(Reuters Health) - - Online health education materials about transplant options are far too complex for chronic kidney disease patients to make sense of, U.S. researchers say, and that may prevent this group from deciding on the best treatment.
Researchers looked at the top 20 websites with information about living-donor and deceased-donor kidney transplants, and they found that most sites required at least a college-level reading ability, according to the report in Clinical Kidney Journal.
The National Institutes of Health (NIH) recommends that patient-education material be written for a seventh-grade reading level.
Health literacy is “the degree to which individuals have the capacity to obtain, process and understand health information and services needed to make appropriate health decisions,” according to NIH. “The principle goes beyond just scheduling an appointment or skimming a waiting room pamphlet. It involves critical thinking and the ability to weigh pros and cons when facing a medical crossroads.”
“We have identified a discrepancy in readability of online content and the corresponding health literacy rates among the chronic kidney disease population,” said lead study author Dr. Eric Zhou of Rhode Island Hospital and Warren Alpert Medical School of Brown University in Providence.
The implication for clinicians is a need to better tailor health counseling materials for specific types of patients with varying literacy rates, Zhou told Reuters Health by email.
The researchers searched Google for websites with information for patients about both living- and deceased-donor kidney transplants, and selected the top 10 sites for each category. They transferred the content of the sites to plain-text documents then used software to analyze the difficulty level of each site’s text.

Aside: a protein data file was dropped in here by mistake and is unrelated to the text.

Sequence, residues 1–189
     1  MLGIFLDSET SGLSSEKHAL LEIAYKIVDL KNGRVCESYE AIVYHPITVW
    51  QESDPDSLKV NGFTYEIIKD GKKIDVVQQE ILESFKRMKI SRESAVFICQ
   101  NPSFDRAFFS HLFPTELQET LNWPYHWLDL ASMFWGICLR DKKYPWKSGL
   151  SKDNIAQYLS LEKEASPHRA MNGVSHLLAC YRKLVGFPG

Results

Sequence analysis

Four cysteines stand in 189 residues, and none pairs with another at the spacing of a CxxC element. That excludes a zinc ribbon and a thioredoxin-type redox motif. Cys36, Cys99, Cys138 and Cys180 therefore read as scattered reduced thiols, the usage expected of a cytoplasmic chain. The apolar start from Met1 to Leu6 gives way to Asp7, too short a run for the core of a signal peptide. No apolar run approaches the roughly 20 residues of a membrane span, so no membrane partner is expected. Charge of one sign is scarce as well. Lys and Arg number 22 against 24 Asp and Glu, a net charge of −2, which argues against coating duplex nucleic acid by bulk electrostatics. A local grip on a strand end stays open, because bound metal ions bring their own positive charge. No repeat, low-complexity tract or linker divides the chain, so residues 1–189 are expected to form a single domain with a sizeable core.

On sites about both types of transplant, the mean reading level score was at college-freshman level or above, the study found. Even the least complex texts were close to a ninth-grade reading level and none were at the recommended seventh-grade level.
“Literacy rates are directly associated with one’s likelihood to receive a transplant,” said Abbey Swanson Kazley of the Medical University of South Carolina College of Health Professions in Charleston, who wasn’t involved in the study.
More-educated patients have an upper hand when navigating the medical system, she told Reuters Health. Conversely, those with lower reading levels tend to have greater difficulty completing the necessary steps for transplantation, which can have a dramatically negative impact on patient care, compliance and long-term outcomes.
The concern is not just for potential transplant recipients.
“If a potential donor’s questions were not answered or if they were confused, they may abandon the process without a realistic understanding of the risks and benefits of donating,” said the current study’s senior author, Dr. Paul Morrissey, also of Rhode Island Hospital and Warren Alpert Medical School.
Of the 10 sites about living-donor transplants the researchers analyzed, all were academic university-based sites, the study notes. Of the 10 sites about deceased-donor transplants, four were academic, four were from third parties and two were from government sources.
If validated health information is too complex to understand, patients may seek out more readable sources such as online forums, blogs or support groups that go unmonitored by professional practitioners, Zhou said. These sources often contain inaccurate or non-scientific information, which may alter a patient’s understanding of a particular disease process.
The next steps, Zhou added, “would be to implement different online patient education materials that are appropriate for each individual’s health literacy level.”
“Specialists should review materials to make sure they are not using too much jargon or writing at an advanced level,” Kazley said. “Use multiple mediums of delivery, such as videos, written text and conversation. This will help with the educational process.”
SOURCE: bit.ly/2BT1lnn Clinical Kidney Journal, online November 24, 2017.